Six months from now, athletes from across the globe are expected to travel to a city less than 50 miles from the border of a country playing nuclear war games with the rest of the world. Of the many things at which the Olympic movement excels – corruption, bribery, fraud, waste and hypocrisy are particular specialties – its ability to place the world’s games in troubled places surely tops the list.
The International Olympic Committee gleefully sold its soul to Russia for the 2014 Winter Games, happy to let profiteering oligarchs and a systematic state-sponsored doping program run free alongside one another while providing cover for the annexation of Crimea upon the Sochi Games’ conclusion. Then came the Rio Games, set amid crushing poverty, swathed by fear of the Zika virus. The mosquito-borne hysteria proved overblown. Brazil instead was left with diseased stadia that sit empty and rot, monuments to greed and excess and avarice that define the Olympics of today.
In contrast, PyeongChang, South Korea, does not carry the stench of recent Olympic depravity. It may not be a classic, picturesque European ski haven, but it isn’t some snowless metropolis like Beijing, site of the 2022 Winter Games, either. Its malady is purely geographical. When the IOC awarded PyeongChang the 2018 Winter Games, it could not have anticipated an American president responding to the provocations of North Korea by threatening destruction “like the world has never seen,” a phrase last approximated by a commander-in-chief after he introduced the Atomic Age. But here we are, talking about miniaturization and intercontinental ballistic missiles, fretting about that inflection point where words turn to bombs, understanding that not only PyeongChang next year but Tokyo in 2020 will live under the constant threat of annihilation from the most irrational of actors.
And it’s amid this dread that Olympians stare at the potential danger, weigh it against four years of grueling training for an unmatched apex and, well, shrug. They comprehend the gravity. They recognize the threat. They’ve just got better things to do than worry about it.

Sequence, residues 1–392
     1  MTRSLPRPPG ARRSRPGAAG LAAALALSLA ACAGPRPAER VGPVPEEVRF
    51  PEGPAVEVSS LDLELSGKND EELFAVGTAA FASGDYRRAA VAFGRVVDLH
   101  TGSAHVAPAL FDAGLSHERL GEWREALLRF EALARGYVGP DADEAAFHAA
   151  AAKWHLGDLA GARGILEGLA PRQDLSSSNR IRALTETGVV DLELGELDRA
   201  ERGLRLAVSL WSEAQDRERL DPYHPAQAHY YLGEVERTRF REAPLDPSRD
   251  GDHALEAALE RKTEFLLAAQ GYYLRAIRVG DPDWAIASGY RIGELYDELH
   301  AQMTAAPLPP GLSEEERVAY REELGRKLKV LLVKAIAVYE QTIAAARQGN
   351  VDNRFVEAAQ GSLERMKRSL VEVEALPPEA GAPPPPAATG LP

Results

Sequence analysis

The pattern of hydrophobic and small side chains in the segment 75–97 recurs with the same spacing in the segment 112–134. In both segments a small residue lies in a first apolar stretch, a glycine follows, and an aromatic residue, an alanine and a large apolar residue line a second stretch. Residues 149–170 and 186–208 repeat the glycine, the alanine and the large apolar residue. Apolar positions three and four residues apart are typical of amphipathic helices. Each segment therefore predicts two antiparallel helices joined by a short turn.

Maddie Bowman is 23 years old. She won Olympic gold in Sochi with a flawless halfpipe skiing run and went viral thanks to her grandma. She balances training for PyeongChang with studying for college, though neither keeps her from remaining historically conscious enough to grasp the threat of North Korea that has existed for decades.
Still, when Bowman attended a February test event at Bokwang Phoenix Park, where the freeskiing and snowboarding halfpipe contests will take place, no sense of impending doom imperiled her.
“When we went to South Korea, I felt safe,” Bowman told Yahoo Sports. “And in Russia, I felt pretty safe. I think as skiers, we obviously don’t see risk as a big thing in our lives. In talking with fellow athletes, it’s like, yeah, maybe the Olympics won’t happen, but it’s hard for us to see that risk. It’s not going to get in the way of my goals. I like to keep up with what’s going on in the world and am concerned with decisions we make as a country, but it’s not affecting my training.”
The chatter among fellow Olympians, Bowman said, centers more on the possibility of the PyeongChang Games being canceled rather than athletes pulling out because of concerns over the region’s stability. Considering only World War I in 1914 and World War II in 1940 and 1944 caused Olympic cancellation, Bowman hopes such concerns are purely hypothetical.
Whether individual athletes start to reassess their commitment to PyeongChang is worth monitoring, particularly if the saber rattling ratchets up. Zika anxiety prompted a rash of golf and tennis stars to withdraw from Rio. For them, of course, the Olympics are little more than a charming detour. Those who spend years training in anonymity, from alpine skiers to bobsledders to speed skaters and beyond, treat the Olympics with great reverence in spite of its obvious warts.
Bowman straddles the line between those two worlds, with freestyle skiing featured annually on ESPN during the X Games but the sport still niche enough to afford her peace and quiet outside of its community. She can go to PyeongChang without being mobbed and come away remembering more that “the people of South Korea are amazing” than some overwhelming sense of alarm.
Perhaps that will fade, the rhetoric bending away from threats and toward progress, whatever that may look like. It’s a lot to ask, and for sports’ great ability to unite, and the Olympics’ unparalleled aptitude at weaving into that a pure shot of unfiltered jingoism, the idea that the PyeongChang Games may serve as some grand unifier is asking a bit much.
South Korea’s sports minister, after all, suggested in June that perhaps the Olympics be co-hosted, with a North Korean ski resort serving as an official site. Two days later, the overture was shot down, and now it’s unclear if North Korea will send athletes to PyeongChang after failing to qualify any for the Sochi Games.
Even if North Korean athletes endeavor to win their country’s third winter Olympic medal and 57th overall, it does little to allay the apprehension that courses through the world today. North Korea wants to destroy the West and all for which it stands, and few events so closely draw together the countries that enrage it as does the Olympics. And six months from now, it may well play sitting duck, barely 50 miles between PyeongChang and Pyongyang, another Olympic Games as much about where it is as what it is.
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